Baltimore County Now
Some Categories Have Fallen to 1980s Levels
The official statistics for 2014 show a 7.2 percent reduction in overall crime in Baltimore County, with a decline in almost every category of violent crime.
Police Chief Jim Johnson, along with County Executive Kevin Kamenetz, announced this latest crime data at a press briefing this morning in Towson. (BCoPD releases crime statistics that have been certified as accurate under the FBI’s Uniform Crime Reporting (UCR) Program. BCoPD uses the previous five-year average as a benchmark for comparison.)
“Our police department has surpassed my expectations when it comes to crime reduction,” said County Executive Kevin Kamenetz. “Some categories of crime have fallen to levels not seen since the 1980s.”
Like overall crime, Part I Crime – which includes the most serious types of violent and property crime – decreased by 7.2 percent relative to the previous five-year average. All precincts saw a reduction in Part I Crime, with Essex experiencing the greatest decrease of 11.9 percent.
Part I Violent Crime – homicide, rape, robbery and aggravated assault – fell by 6.1 percent overall. Most notably, an 11.3 percent decrease was recorded in cases of aggravated assault. Aggravated assaults are the most serious types of assaults, often involving a weapon and often a barometer of a community’s overall safety.
All precincts experienced a decrease in Part I Property Crime, with the total decline recorded at 7.4 percent. This includes a 15.8 percent decrease in burglaries and a 17.1 decrease in motor vehicle theft.
Total crime – including total Part 1 and 2 Crime – also declined compared to the previous calendar year, 2013.
A Strategic Approach
Chief Johnson attributed the overall decline in crime largely to a strategic approach by Baltimore County Police that involves constant monitoring of crime trends and deciding how best to allocate resources.
“The other crucial factors,” Johnson said, “are the support of the County Executive in making sure resources are available and, of course, the talent and dedication of our detectives, patrol officers and community outreach officers.”
New Approach Emphasizes that Community Relations is Every Officer's Responsibility
Crime prevention, police partnerships, outreach and public safety education to schools, communities and all segments of our society are the responsibility of every single Baltimore County police officer, said Chief Jim Johnson in announcing a departmental reorganization. The reorganization will further enhance and build upon the agency’s long-standing and a very successful community policing program.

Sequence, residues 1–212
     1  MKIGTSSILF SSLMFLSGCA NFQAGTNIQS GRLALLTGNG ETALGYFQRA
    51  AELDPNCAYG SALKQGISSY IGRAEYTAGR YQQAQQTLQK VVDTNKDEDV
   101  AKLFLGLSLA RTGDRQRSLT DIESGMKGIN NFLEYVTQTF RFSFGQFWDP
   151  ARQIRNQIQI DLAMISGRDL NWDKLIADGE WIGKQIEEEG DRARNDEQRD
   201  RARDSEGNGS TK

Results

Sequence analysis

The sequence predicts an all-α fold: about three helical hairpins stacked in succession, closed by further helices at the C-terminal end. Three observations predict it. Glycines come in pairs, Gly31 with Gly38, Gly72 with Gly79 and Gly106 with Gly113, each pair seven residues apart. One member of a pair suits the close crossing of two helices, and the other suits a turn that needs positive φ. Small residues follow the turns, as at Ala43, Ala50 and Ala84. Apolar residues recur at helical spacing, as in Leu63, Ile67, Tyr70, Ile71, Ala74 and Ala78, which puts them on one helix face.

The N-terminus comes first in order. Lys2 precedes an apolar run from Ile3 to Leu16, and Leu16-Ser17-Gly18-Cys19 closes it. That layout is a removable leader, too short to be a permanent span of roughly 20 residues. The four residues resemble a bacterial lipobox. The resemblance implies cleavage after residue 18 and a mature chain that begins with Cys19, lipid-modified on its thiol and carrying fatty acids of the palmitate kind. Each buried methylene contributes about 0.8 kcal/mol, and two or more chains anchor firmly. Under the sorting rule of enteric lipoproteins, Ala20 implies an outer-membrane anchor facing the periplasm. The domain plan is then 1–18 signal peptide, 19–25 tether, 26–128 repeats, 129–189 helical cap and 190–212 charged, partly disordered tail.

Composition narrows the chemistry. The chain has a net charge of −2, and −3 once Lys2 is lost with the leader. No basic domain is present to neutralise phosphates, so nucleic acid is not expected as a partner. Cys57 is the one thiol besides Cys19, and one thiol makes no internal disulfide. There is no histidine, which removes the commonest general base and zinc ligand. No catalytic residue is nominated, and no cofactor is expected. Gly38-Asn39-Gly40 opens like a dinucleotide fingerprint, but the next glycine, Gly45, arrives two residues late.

In the past, Johnson said the department’s Community Resources Bureau was separate from the Operations Bureau, leading some officers to feel that building community relationships and working with young people was the primary responsibility of the Community Resources Bureau, or the work of outreach teams in individual precincts.
“Especially in today’s environment, this mind set must change in public safety”, Johnson said. “Our effectiveness rests on the confidence of people we serve. It is critical that we enhance programming and build confidence and relationships with our younger citizens, organizations and all communities in our great County. This is every officer’s business. This is every officer’s role and responsibility – from the Chief all the way to the officers and professional staff members of what I believe is the finest police department in America.”
Effective immediately, the Safe Schools Section, which manages the School Resource Officer program and is liaison to Baltimore County Public Schools, will report to the Operations Bureau, Patrol Division. This will provide better clarity of communication, and coordination of investigations, tactics and procedures to further enhance the safety of our students, faculty and staff that work in our exceptional school system.
A new Youth & Community Resources Section will comprise a Counseling Team, Youth Initiatives and a new Community Partnership Team. This Section will become part of the Operations Bureau reporting to the Operations Commander.
Ten officers assigned to the Juvenile Offenders in Need of Supervision (J.O.I.N.S.) will be reassigned from Police Headquarters to the ten precincts county -wide, allowing families and children in the J.O.I.N.S. Program more convenient, closer to home, police visits and interaction, as well as counseling.
Baltimore County’s very successful and valued Auxiliary Police Program, in which volunteers provide traffic control and other basic operational support to sworn officers, will become part of the Operations Bureau, Support Operations Division.
With this reorganization, the agency will operate under two Bureaus, which will no doubt enhance communications, expedite police response and coordination of crime prevention, community policing and outreach, investigation and patrol services, as well as provide the most robust youth, crime prevention, counseling, and education resources available.
Crews Installing Major Water Line
Beginning this evening, Towsontown Boulevard between York Road and Virginia Avenue will be closed for one week while utility crews install a major water line through Towson. The closures will be between 7 p.m. and 6 a.m.
East-bound traffic will be detoured onto York Road, Chesapeake Avenue, and Virginia Avenue. West-bound traffic will be detoured to Virginia Avenue, Pennsylvania Avenue and York.